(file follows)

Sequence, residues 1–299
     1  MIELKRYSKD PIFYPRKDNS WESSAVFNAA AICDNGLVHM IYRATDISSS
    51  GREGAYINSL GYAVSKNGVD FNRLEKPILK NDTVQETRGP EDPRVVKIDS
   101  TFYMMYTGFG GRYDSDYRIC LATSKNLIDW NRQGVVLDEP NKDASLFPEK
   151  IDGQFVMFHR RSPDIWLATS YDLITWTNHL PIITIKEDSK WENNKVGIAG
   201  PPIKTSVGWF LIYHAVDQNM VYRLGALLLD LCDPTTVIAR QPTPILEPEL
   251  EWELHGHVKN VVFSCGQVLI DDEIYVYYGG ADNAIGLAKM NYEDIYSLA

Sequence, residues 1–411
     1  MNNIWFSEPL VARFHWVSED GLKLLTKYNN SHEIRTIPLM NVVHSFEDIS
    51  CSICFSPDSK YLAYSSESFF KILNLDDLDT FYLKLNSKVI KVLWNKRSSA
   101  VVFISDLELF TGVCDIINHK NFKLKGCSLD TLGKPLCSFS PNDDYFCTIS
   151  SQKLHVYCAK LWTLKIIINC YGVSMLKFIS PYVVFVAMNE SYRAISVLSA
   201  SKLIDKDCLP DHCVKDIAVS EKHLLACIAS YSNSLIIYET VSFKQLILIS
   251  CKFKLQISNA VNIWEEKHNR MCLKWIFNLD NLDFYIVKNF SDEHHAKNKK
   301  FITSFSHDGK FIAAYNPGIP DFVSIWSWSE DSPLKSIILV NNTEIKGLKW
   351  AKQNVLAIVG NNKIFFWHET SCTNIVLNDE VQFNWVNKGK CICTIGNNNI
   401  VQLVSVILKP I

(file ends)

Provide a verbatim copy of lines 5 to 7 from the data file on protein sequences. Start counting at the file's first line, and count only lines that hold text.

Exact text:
   151  IDGQFVMFHR RSPDIWLATS YDLITWTNHL PIITIKEDSK WENNKVGIAG
   201  PPIKTSVGWF LIYHAVDQNM VYRLGALLLD LCDPTTVIAR QPTPILEPEL
   251  EWELHGHVKN VVFSCGQVLI DDEIYVYYGG ADNAIGLAKM NYEDIYSLA